Robert Novak points out a slight problem with the threat by religious-right activists to bolt the Republican Party if Rudy Giuliani wins its nomination: Their supposed constituency may not follow.
The most surprising recent national polling result was an answer given by Republicans who attend church weekly when Gallup asked their presidential preference. A plurality chose Rudy Giuliani, a Catholic who in 1999 said: “I don’t attend regularly, but I attend occasionally.” … The Gallup data suggests that Dobson and the Salt Lake City group may be out of touch with rank-and-file churchgoers.
As W. James Antle of the American Spectator put it, “Giuliani has cleverly pitched himself as the Republican best equipped to confront two challenges that concern religious conservatives: Hillary Clinton at home and radical Islam abroad.” Which may put the political influence of James Dobson—who has sworn to vote against Giuliani in a general election—in a precarious position.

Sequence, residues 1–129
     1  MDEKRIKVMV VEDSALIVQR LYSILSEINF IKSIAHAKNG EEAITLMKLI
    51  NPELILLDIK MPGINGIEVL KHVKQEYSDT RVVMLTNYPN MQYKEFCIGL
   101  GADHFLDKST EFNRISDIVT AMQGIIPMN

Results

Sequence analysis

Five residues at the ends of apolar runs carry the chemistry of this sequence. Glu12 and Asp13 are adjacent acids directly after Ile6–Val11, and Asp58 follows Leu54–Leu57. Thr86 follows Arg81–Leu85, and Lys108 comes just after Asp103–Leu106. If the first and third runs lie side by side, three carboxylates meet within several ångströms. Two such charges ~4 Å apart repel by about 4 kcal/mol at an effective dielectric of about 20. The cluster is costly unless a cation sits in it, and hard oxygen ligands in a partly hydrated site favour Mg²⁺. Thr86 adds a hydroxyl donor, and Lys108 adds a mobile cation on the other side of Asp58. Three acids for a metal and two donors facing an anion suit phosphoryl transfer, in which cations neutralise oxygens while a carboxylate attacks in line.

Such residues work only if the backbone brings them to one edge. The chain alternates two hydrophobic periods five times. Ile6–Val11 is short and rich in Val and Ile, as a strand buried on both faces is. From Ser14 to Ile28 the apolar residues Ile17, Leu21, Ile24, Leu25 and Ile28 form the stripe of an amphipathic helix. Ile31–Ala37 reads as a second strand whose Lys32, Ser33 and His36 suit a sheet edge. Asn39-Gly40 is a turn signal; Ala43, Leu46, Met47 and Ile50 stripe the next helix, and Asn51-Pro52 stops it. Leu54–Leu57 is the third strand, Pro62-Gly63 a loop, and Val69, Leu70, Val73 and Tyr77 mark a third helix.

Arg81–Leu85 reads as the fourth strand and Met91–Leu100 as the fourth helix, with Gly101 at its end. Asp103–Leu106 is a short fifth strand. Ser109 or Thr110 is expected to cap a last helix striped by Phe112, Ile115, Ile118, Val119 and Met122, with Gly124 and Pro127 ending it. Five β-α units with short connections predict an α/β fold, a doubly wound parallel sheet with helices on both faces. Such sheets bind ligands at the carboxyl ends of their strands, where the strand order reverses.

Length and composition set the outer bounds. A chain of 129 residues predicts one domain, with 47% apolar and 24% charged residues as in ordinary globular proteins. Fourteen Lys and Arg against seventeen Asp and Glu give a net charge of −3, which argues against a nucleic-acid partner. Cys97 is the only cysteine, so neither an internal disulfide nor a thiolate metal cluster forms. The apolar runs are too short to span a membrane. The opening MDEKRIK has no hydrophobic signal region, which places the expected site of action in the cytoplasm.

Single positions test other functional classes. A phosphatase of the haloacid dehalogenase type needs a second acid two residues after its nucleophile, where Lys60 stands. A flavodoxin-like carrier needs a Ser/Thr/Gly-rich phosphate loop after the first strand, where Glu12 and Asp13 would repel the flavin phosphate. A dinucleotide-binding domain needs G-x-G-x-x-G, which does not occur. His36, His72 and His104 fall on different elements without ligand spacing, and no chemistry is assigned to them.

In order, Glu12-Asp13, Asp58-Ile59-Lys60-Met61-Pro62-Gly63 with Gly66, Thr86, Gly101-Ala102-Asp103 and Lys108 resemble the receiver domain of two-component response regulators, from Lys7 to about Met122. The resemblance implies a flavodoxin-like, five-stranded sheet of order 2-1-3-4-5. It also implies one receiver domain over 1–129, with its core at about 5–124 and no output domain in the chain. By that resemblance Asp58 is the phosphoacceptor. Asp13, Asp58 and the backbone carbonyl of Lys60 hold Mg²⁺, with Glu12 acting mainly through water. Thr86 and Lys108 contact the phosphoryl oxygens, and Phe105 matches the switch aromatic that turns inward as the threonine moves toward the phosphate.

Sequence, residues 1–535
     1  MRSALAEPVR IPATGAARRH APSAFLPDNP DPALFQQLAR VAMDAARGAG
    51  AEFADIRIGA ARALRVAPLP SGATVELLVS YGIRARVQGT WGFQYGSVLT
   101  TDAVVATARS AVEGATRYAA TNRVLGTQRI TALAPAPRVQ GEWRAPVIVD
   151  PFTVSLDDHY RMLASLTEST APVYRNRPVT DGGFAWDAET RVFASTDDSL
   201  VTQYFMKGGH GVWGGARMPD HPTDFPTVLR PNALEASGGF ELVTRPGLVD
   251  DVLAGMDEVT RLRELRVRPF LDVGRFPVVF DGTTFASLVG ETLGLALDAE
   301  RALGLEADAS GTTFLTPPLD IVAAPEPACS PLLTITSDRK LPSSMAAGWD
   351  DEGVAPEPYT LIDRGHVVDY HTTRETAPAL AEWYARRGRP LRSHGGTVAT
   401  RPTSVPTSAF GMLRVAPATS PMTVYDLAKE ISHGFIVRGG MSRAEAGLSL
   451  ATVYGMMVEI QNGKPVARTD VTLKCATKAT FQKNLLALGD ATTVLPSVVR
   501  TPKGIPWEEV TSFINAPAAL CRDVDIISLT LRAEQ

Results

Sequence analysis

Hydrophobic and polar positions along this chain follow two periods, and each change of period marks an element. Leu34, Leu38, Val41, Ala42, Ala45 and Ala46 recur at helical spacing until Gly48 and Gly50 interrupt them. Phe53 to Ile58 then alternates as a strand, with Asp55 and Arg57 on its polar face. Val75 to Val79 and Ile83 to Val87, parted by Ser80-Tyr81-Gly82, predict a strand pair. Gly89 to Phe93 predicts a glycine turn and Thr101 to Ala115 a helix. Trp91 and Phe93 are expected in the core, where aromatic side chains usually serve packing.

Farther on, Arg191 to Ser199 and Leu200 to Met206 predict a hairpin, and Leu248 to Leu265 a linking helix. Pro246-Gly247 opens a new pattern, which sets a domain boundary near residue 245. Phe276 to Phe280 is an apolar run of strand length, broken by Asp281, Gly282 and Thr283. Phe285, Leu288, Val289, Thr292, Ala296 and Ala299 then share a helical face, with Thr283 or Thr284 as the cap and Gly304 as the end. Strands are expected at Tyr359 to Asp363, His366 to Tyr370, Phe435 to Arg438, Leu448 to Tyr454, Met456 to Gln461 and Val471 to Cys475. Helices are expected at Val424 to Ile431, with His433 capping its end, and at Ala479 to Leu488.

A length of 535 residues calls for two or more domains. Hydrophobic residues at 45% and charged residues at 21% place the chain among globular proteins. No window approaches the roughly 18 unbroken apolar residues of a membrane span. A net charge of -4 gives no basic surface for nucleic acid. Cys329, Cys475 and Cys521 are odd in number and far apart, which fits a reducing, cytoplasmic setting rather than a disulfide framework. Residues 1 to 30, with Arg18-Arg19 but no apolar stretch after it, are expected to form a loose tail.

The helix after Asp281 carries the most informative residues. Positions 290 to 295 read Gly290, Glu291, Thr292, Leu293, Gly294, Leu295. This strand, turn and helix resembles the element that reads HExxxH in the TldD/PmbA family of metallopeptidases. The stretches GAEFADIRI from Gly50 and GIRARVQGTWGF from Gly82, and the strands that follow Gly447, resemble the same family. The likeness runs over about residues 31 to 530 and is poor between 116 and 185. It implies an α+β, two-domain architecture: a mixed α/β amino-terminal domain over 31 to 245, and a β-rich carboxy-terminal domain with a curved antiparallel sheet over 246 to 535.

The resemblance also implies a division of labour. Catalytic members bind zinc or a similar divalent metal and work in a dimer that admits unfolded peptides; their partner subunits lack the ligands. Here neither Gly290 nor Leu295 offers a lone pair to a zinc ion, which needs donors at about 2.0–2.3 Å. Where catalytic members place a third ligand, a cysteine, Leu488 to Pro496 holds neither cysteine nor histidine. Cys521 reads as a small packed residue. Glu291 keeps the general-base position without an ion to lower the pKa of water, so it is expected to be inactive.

Gary Bauer, who has apparently been spending the last few weeks trying to undo what Dobson has done, is trying to leave the door open in the case of a Giuliani nomination, saying that religious-right leaders would have to “sit down” and have some “serious discussions” about “avoid[ing] a split that would guarantee a disaster.” For example, they might negotiate some concessions from the candidate. In the Weekly Standard, Bauer and Tony Perkins say that while Giuliani would be a “hard sell,” the candidate could “help” his case by announcing that he would “pledge to do nothing–either by executive order or by signing legislation–that would increase the number of abortions.”